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PRAYER.

I pray thee, O Almighty God, to be unto me a shield and my exceeding great reward. Defend me from all evils which may hurt my soul. Satisfy me with the enjoyment of thyself. Show me some token for good. Let the light of thy countenance cheer me in this my dark and dreary pilgrimage. Say unto my soul, I am thy salvation.

Lord God, give me increasing faith in the merits and work of thy dear Son. I plead no merits of my own. My best deeds are defiled with sin. Even my faith is mixed with unbelief. Lord justify me in thy sight for thy Son's sake. Impute righteousness to me. Make me strong in faith giving glory to thee. And let the love of Him who has done so much for me beget love in my soul to Him. Lord I love, but yet how feebly. Oh! help thou my want of love. Cause me from this time to live less unto myself, and more devotedly unto thee, through him who died and rose again for my justification, to whom with thee and the Holy Spirit I ascribe all glory and honour. Amen.

THE COVENANT OF

CIRCUMCISION.

And when Abram was ninety years old and nine,

the Lord appeared to Abram, and said unto him, I am the Almighty God; walk before

me, and be thou perfect. And I will make my covenant between me and

thee, and will multiply thee exceedingly.

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And God said unto Abraham, Thou shalt keep

my covenant therefore, thou, and thy seed

after thee in their generations. This is my covenant, which ye shall keep, between

me and you and thy seed after thee; Every man child among you shall be circumcised.GENESIS XVII. 1, 2, & 9, 10.

This is the fifth time that God repeats His promise to Abraham. Between this and the former time of God's appearance, circumstances had happened which made this fifth assurance very seasonable. Abraham had shown some slight degree of weakness of faith, and had been tempted to turn aside from the upright path in which he generally walked.

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Scripture history is too faithful to pass over men's faults, or to give a one-sided view of any person's character. The failings of the best of God's children are recorded for the double purpose, that we may learn not to think of them above what they were, or feel they are beyond our imitation ; and also that we may remember that their righteousness and their strength were of the Lord. They were not justified by their good lives, for these were imperfect. They were not holy by any strength that they had of themselves, but were holy or unholy in word, thought, and deed, just as they abided in the Lord, or stood alone. So true is it, from the beginning to the end“ without me, ye can do nothing.

When Abraham was called to the greatest acts of faith, he looked beyond himself for strength, and stood the test. But in lesser trials he failed, doubtless, because he thought such efforts were not too much for his own strength. He who had not shrunk from leaying his father's house and land, his kindred and his property, to go to an invisible inheritance, because commanded by the Lord, yet, when driven into Egypt by famine, would not trust God to save his life and keep his wife from heathen hands, but sought to avoid thedanger, by departure from the truth. (Gen. xii. 10.) Another error, perhaps also the result of weak faith, is related of the patriarch, in the 16th chapter.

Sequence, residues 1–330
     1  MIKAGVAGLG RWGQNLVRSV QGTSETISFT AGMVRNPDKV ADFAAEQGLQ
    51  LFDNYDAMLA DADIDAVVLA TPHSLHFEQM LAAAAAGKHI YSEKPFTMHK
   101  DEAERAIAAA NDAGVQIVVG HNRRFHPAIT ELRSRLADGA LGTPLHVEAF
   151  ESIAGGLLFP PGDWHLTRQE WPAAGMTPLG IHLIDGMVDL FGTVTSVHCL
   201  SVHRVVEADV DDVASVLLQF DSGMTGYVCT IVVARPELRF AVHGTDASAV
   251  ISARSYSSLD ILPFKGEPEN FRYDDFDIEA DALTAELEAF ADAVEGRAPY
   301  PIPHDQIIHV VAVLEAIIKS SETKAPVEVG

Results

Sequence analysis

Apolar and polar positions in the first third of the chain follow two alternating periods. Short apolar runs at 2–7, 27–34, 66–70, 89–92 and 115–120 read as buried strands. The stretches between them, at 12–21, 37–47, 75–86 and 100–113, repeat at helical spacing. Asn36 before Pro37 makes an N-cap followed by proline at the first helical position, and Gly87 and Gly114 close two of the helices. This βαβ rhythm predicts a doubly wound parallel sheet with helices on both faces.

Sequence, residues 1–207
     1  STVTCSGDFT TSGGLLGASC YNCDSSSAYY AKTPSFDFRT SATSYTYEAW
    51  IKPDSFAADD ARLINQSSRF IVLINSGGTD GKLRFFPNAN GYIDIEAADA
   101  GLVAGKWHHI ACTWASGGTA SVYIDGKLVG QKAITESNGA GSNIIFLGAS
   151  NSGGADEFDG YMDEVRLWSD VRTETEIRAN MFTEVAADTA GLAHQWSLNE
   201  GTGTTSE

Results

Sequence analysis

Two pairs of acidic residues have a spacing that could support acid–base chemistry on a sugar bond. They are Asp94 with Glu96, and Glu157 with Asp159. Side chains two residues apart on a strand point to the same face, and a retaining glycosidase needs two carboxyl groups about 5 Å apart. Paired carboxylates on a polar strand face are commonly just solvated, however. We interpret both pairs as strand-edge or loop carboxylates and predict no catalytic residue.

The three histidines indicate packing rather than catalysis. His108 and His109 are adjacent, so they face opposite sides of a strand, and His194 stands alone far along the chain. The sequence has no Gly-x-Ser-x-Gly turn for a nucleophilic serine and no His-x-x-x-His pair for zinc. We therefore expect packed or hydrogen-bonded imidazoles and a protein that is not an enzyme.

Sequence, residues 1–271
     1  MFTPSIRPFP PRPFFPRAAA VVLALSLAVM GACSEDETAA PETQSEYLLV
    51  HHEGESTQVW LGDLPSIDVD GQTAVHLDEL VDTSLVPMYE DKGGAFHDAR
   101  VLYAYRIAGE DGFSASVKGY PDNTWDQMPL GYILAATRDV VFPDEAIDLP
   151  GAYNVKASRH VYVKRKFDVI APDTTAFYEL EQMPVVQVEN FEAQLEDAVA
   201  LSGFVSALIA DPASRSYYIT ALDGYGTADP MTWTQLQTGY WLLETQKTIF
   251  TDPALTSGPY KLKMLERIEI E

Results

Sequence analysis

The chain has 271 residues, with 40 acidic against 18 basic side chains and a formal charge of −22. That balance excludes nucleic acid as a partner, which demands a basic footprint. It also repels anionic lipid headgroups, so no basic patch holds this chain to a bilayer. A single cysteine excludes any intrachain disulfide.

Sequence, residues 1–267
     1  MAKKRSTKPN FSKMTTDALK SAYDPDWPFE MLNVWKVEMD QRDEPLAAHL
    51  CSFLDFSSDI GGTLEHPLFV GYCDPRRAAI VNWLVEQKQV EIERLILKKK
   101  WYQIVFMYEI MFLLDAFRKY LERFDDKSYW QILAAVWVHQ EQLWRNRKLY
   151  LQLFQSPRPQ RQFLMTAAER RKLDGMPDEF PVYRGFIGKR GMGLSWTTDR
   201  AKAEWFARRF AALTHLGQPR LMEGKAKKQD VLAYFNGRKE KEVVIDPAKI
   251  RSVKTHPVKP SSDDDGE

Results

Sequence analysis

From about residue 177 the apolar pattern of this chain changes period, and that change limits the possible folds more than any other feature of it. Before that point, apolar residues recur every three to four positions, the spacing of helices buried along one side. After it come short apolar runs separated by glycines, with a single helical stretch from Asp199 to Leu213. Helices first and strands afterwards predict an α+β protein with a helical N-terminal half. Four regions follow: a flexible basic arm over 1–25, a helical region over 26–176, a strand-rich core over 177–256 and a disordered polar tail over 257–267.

He hearkened to the voice of Sarah, who suggested that as he had had no children by her, he should take Hagar also to wife, who was his handmaid. She conceived, and brought forth a son, whom she named Ishmael. And it seems, that both Abraham and Sarah supposed that it might be by him, that God would fulfil His promise of a future inheritance and great blessings.

Sarah said, “ It may be that I shall obtain children by her,” or be builded, established by her. Abraham in an interview with God, exclaims, • Shall a child be born unto him that is an hundred years old, and shall Sarah, that is ninety years old, bear? o that Ishmael might live before thee!”

Such conduct, however, was certainly blameable. It was wrong in Sarah to suggest it, in Abraham and Hagar to consent to it. And we may observe, that where such breaches of the sacred bond of wedlock were made, family discord and trials were sure to be among the consequences. So you read of discord and persecution in the family of Elkanah, because he had two wives, Hannah and Peninnah. (1 Sam. 1, 6.) And now also in Abraham's family, no sooner had he listened to Sarah's

advice, than each one in the family, had cause to regret their conduct. Abraham's household was disturbed, Sarah was despised by her maid, Hagar was dealt hardly with, until she fled from her mistress's face.

It had been better, then, if they had waited patiently for the accomplishment of God's word, in His own way.

We must never think God needs our help to bring to pass His own promises. He does not promise what He cannot, or will not perform. There may be no way visible to us for the fulfilment of His word, there may be a mighty mountain of difficulty in the way of it, and the time of fulfilment may seem to have almost passed away, without one particle of that mountain being removed, still it is for us to wait and believe.

“Commit thy way unto the Lord ; trust also in Him; and He shall bring it to pass. Rest in the Lord, and wait patiently for Him : fret not thyself in anywise to do evil.” (Psalm xxxvii. 5-8.)

At the age of ninety-nine Abraham receives this fifth assurance from the Most High, “I am the Almighty God, walk before me, and be thou perfect, and I will make my covenant between me and thee, and will multiply thee exceedingly."

He much needed it. For about twenty

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